1. CBn Reviews 'Casino Royale' (1954)

    By Devin Zydel on 2006-10-17

    Over the last several months, members of the CBn Forum have been reviewing all the James Bond 007 films in the “Countdown Threads“. If you wish to join in on the forum discussion all you have to do is register on the CBn Forums – it is free and only takes a minute! The first unofficial TV adaption of Casino Royale (which aired in 1954 – not to be confused with the official 2006 film starring Daniel Craig opening this November!) was one of the films included. The reviews follow…

    Casino Royale 1954

    ‘Casino Royale’ (1954) by Turn

    The last time I watched Casino Royale (1954) was around the time The World Is Not Enough was out at a Christmas party with friends, who rather mocked it in an MST3K sort of way. I felt at the time it was justified.

    I still don’t think it’s very good, that way too many people overrate it. I’m sure when it was discovered 25 years ago, it was something like finding a holy grail of sorts. But it ends up as just a Bond curiosity and worth a watch, but hardly something worth revisiting much.

    That aside, my latest viewing of Casino Royale (1954) had me finding a little more respect for it than on my last. Something I liked was the detail that shows up. This must have been done on a small budget and a lot would be lost on the limited TV screens of the time. Yet you’ve got a nice looking casino set that must have seemed exotic at the time and lots of extras well dressed that add to the casino atmosphere of privileged people.

    As someone else mentioned, you aren’t left hanging on the explaination of baccarat and gambling. This too must have seemed exotic and exciting at the time, unlike today when everybody and there brother has a home casino. I liked Clarence Leiter, he brought the right sidekick touch and was more colorful than most of the cast.

    I’m not as enthuasiastic about the rest. This version of Casino Royale is ultimately a sort of take on Casablanca with the long lost beauty suddenly surfacing but operating on who’s side? The whole card sense Jimmy Bond thing doesn’t work at all for me. He’s like the Sam Spade, hardboiled private eye type, spouting the tough guy dialogue like “No, I’m the fella they missed!” There’s nothing wrong with Barry Nelson, just nothing at all that sets this apart from any other detective or g-man of the time.

    Valerie Mathis is a very basic ’50s female. Pretty, but nothing else there.

    Lorre fits LeChiffre well. But after a while, his character doesn’t seem so much threatening. How many times in the hotel does he need to threaten Bond? He eventually comes off like one of those parents’ whose kids are acting up and don’t stop and they keep threatening them but never do anything. From there, he turns giddy looking for the check. I know they couldn’t do the carpet beater thing, but the torture scene here comes off pretty goofy, as does how Bond disposes of the henchmen.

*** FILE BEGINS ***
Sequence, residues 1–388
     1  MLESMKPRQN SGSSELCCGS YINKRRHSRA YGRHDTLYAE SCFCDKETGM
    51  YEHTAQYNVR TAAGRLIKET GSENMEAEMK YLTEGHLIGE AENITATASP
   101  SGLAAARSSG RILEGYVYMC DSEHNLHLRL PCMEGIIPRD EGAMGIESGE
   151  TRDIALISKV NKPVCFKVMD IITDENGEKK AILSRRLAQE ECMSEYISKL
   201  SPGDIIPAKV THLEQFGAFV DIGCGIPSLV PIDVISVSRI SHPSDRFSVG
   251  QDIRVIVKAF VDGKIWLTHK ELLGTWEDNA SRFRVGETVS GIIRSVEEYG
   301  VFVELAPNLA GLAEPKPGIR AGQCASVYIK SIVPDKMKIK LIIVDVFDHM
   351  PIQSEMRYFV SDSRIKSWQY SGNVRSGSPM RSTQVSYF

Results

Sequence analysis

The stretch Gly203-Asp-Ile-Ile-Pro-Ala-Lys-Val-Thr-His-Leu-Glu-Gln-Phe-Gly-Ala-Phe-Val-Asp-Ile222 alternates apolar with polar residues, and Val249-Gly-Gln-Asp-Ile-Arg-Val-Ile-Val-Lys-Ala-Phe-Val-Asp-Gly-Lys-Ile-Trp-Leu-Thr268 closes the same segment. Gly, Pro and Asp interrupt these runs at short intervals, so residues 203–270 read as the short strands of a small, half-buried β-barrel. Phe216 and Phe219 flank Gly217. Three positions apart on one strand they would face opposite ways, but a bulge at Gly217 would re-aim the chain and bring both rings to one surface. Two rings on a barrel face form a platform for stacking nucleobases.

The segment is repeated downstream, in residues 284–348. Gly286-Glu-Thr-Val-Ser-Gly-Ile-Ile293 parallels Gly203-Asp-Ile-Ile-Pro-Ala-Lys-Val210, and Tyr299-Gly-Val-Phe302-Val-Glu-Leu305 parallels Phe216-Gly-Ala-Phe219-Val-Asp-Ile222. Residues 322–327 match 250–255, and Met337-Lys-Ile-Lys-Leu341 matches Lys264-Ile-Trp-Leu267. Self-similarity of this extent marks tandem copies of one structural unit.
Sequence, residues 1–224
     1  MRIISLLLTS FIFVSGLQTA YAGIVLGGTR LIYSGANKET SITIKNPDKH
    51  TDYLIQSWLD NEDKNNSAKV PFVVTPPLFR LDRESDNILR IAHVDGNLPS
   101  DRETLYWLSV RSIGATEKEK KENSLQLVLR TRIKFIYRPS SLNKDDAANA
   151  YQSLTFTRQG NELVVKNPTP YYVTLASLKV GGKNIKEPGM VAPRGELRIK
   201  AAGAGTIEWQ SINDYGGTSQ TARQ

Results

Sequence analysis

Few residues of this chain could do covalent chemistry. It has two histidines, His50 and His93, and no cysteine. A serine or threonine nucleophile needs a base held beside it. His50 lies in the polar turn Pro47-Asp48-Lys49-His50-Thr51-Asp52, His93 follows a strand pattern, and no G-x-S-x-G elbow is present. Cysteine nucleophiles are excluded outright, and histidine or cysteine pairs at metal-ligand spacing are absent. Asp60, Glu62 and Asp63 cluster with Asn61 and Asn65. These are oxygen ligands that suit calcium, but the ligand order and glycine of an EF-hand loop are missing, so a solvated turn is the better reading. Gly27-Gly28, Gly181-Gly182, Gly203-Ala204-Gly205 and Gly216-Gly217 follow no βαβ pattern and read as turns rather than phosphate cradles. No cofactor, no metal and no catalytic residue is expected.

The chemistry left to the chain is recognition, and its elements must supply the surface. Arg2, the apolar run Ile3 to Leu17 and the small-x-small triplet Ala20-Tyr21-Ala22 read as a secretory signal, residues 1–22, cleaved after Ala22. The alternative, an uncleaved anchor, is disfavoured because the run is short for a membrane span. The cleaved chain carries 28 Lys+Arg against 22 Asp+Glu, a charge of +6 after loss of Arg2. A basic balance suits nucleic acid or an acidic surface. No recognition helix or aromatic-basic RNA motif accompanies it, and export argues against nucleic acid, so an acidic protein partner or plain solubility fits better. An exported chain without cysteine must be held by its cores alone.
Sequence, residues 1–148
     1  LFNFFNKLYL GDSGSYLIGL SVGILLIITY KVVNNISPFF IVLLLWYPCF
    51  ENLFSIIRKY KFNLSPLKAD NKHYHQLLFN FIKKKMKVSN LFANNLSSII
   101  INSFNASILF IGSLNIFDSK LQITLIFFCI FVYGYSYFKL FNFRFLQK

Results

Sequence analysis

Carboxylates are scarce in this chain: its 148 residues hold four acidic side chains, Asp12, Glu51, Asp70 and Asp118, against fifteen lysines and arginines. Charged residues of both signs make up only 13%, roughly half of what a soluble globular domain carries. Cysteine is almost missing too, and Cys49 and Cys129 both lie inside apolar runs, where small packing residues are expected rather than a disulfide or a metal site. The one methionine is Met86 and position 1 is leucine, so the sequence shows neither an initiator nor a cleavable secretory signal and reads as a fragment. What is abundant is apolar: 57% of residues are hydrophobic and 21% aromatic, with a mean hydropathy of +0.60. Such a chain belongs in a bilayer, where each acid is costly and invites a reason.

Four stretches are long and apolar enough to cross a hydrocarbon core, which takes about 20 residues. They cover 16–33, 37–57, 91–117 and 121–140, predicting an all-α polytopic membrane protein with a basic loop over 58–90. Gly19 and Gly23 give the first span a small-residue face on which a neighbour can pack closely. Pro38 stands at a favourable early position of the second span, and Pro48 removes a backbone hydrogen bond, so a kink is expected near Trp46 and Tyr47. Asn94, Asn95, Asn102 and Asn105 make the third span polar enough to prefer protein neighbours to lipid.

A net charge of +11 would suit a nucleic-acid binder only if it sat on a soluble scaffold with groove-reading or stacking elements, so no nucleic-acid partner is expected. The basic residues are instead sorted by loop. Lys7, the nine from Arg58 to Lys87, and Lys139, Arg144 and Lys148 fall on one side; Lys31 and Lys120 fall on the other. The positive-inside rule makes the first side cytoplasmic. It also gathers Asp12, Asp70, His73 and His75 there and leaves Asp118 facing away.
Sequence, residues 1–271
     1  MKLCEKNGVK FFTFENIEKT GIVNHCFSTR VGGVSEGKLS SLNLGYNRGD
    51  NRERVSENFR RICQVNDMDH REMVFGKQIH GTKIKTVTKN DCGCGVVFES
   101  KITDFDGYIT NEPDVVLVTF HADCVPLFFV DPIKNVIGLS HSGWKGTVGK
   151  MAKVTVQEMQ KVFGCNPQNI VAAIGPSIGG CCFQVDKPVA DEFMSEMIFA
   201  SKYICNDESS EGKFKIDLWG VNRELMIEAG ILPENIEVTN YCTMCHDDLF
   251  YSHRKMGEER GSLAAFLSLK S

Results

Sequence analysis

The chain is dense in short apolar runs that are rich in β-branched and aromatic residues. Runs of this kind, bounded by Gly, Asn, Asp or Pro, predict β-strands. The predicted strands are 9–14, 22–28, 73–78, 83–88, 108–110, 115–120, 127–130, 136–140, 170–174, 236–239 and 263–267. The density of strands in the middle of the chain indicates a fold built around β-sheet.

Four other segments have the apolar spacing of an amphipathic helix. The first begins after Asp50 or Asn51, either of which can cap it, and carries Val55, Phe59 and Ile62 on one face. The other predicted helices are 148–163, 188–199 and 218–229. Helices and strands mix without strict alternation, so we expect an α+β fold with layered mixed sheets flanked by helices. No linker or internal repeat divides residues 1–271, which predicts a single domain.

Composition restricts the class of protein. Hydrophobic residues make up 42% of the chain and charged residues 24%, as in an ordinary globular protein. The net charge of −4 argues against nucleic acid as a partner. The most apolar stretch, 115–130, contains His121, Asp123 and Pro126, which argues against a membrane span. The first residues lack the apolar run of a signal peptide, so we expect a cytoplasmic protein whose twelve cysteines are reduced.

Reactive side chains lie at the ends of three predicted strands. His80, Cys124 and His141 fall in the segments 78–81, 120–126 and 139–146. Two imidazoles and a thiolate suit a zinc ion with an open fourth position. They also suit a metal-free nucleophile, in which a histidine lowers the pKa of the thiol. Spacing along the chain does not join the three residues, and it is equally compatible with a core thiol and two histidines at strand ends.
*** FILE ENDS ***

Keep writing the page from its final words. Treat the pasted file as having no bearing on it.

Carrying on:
So, in all, Casino Royale (1954) is an interesting curiosity, but little else. I only wonder what Fleming thought, if indeed he ever saw it.

    ‘Casino Royale’ (1954) by doublenoughtspy

    The 1954 version of Casino Royale is a delight to watch – a real window into a different era.

    Although “Card Sense” Jimmy Bond isn’t quite Ian Fleming’s British hero, Barry Nelson does a great job protraying an Americanized Bond that is tough, resourceful, and isn’t afraid to mouth off to a villain that has him in a jam.

    The black and white cinematogrpahy helps give the piece a noir feel that is appropriate.

    Don’t let the cheap sets fool you – Barry Nelson, Linda Christian, and Peter Lorre create a drama that gives off sparks.

    ‘Casino Royale’ (1954) by Captain Grimes

    This film is far better than it should be. Consider: a fifty-year-old live television movie featuring two sets, half-a-dozen actors, a card game that lasts a quarter of an hour, and an American in the role of James Bond. It should be unwatchable, but in fact it succeeds on almost every level.

    First, and most importantly, is Barry Nelson, who turns in a credible performance as Jimmy “Card Sense” Bond (has there ever been a more ridiculous nickname?). Nelson doesn’t take any of the easy ways out here. He’s not the noble, hunky, soft-spoken hero that tended to dominate American television and film in this period; and he’s not the brooding anti-hero of later days. He plays it more or less straight, with a healthy dose of wit and surprising believability. Very much like Dalton, as a matter of fact.